How do Riccardo Muti and other “ageless” conductors defy the odds?
At 80, Riccardo Muti has just extended his contract to conduct the Chicago Symphony during the 2022-2023 season, still earning a estimated at $ 3.5 million there every year. We will talk about this later, but in what other profession do octogenarians keep such high-level jobs?
Conductors seem to live longer than people in any other profession. Famous conductors of the past, then at a time when life expectancy was around 50 years, lived well into their 80s and 90s – Leopold Stokowski 95, Pablo Casals 96, Nadia Boulanger 90 and Arturo Toscanini 89 , to name a few. The phenomenon has long been studied and amazed.
Looking around, the musical directors of the San Francisco Symphony of recent years open the way, with a remarkable program:
– Seiji Ozawa, 86 years old (born September 1, 1935); 1970-1976 with SF Symphony
– Edo de Waart, 80 (June 1, 1941); 1977-1985
– Herbert Blomstedt, 94 (July 11, 1927); 1985-1995
– Michael Tilson Thomas, 76 years old (December 21, 1944); 1995 – 2020
MTT has successfully tackled recent health problems, first a heart operation in 2019, then just two months ago, removal of a brain tumor. No news from him has been released since the operation was announced on August 6, but his website has a recent tweet on his performances with the London Symphony. He plans to return to San Francisco to direct in November.
Ed Simons held the title of oldest active conductor in the world until his death in 2018 at the age of 101. Leopold Stokowski (1882 – 1977) was still in charge at 95. Some of the current alumni:
– Christoph von Dohnanyi, 92
– Richard bonynge, 90
– Roger norrington, 87
– Zubin Mehta, 85
– Charles Dutoit, 84
– Neeme Järvi, 84
– Yuri Temirkanov, 82
– Marek Janowski, 81
– Lothar Zagrosek, 79
– Daniel Barenboim, 78
– Dennis Russell Davies, 77
– Andrew Davis, 77
– Leonard Slatkin, 77
– Joseph Resigno, 76 (next week)
– Christoph Perick, 75
As for Muti, his contract as musical director of Zell of the Chicago Symphony is extended until 2023, instead of being concluded, as planned, at the end of the current season.
According to the announcement, “in light of the many months of canceled performances since the start of the COVID-19 pandemic, Muti has accepted the Association’s request to remain as Music Director throughout the 2022 season- 2023. During this period, he will maintain his current commitment to conduct the orchestra for 10 weeks of membership, special concerts and community events in Chicago, as well as four weeks of international and domestic touring activities.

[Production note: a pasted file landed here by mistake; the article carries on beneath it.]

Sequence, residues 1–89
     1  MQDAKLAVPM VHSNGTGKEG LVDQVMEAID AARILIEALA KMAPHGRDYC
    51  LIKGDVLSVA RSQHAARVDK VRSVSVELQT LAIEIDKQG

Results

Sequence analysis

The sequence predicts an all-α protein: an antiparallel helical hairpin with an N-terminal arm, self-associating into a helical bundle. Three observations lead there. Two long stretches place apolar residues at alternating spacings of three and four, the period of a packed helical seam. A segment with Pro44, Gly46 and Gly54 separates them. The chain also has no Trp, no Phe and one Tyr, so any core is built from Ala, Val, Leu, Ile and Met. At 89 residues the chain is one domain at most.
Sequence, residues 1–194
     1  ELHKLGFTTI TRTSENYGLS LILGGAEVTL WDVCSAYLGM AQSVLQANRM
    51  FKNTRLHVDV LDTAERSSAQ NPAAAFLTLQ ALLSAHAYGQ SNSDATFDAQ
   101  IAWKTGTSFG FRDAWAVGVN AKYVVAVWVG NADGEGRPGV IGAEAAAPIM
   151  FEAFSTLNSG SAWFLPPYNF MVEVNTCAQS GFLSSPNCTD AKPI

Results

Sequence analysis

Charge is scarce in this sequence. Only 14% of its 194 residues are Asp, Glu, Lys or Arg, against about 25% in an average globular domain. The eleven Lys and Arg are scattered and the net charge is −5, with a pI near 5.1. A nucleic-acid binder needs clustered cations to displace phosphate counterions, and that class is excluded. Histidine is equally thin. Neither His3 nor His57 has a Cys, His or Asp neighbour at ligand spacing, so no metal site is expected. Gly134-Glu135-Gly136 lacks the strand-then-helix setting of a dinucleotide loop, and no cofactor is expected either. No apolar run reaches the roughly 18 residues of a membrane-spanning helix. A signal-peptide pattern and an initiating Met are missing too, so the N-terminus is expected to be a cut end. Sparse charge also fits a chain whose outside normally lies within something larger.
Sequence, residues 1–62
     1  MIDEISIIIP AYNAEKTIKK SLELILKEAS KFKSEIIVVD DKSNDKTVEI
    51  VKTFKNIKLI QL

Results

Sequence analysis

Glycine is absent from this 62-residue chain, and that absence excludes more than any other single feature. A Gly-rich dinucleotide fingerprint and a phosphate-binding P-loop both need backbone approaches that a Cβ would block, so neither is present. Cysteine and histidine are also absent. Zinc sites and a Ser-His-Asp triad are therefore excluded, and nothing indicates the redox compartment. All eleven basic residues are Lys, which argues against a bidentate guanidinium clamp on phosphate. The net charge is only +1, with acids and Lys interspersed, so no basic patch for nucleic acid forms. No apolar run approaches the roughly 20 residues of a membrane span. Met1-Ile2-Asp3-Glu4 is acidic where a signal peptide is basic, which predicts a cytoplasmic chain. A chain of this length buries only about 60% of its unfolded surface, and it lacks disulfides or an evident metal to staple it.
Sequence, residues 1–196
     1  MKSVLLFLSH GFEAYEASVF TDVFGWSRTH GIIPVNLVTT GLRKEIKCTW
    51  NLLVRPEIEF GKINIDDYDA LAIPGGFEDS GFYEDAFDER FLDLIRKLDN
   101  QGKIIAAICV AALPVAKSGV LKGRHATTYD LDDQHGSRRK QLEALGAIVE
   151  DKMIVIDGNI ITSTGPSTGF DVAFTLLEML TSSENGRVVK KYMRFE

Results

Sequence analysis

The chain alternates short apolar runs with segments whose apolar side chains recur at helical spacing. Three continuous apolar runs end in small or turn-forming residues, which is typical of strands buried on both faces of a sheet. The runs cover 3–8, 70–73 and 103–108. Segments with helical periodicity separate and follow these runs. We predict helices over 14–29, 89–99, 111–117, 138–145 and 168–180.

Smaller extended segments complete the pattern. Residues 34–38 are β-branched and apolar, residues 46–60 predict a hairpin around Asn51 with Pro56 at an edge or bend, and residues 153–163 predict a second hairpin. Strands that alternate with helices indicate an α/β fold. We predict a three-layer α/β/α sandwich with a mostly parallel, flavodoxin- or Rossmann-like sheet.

Highlights of Muti’s programs with CSO during the 2022-2023 season will include the world premiere of a CSO-commissioned work by Mead composer-in-residence Jessie Montgomery, Beethoven’s June 2023 performances Missa solennis with the Chicago Symphony Chorus and a list of international soloists, and an Asian tour in January 2023 in Taiwan, China and Japan.
In addition to a formidable list of musical triumphs – with the Maggio Musicale in Florence, the Philharmonia Orchestra in London, the Philadelphia Orchestra, the Teatro alla Scala in Milan and the Salzburg Whitsun Festival – Muti is also a true mensch, side with the musicians in the Chicago Symphony strike (almost no music director does), to protest against The treatment of musicians by the Met, and speak to the power of the importance of the arts. He was uncompromising, outspoken, never hesitated to talk and act for what he believes.
Muti made his Chicago Symphony debut in 1973 at the Ravinia Festival. In 2007, after an absence of over 34 years, he conducted the orchestra in a month-long subscription concert residency and critically acclaimed European tour, including the CSO’s first appearances in Italy for over 25 years old. Muti’s appointment as the CSO’s 10th Musical Director was announced in 2008. He appeared with the orchestra several times as appointed Music Director from January 2009 and officially took up his duties as Music Director on the 19th. September 2010, conducting the CSO in a concert. which drew 25,000 people to the Pritzker Pavilion in Chicago’s Millennium Park.
Muti’s response to the contract extension:
“I can’t wait to be in Chicago again with the musicians to bring the music back to the city. I am very proud of the musicians of this great orchestra and happy to remain as Music Director to continue our great artistic collaboration, and to work with our Trustees, Volunteers and Administration to keep music an important part of our community and a glimmer of light. ‘hope around the world. “
OSC Horn James Smelser, Chairman of the Membership Committee, welcomed the news: “Besides Maestro Muti’s wonderful return to Chicago, the first since February 2020, there can be no greater joy than to share this news. The musicians of the Chicago Symphony Orchestra recognize this important step in the pursuit of an important musical collaboration that can be shared with audiences in Chicago and around the world. We are extremely proud to have Maestro Muti as our musical director.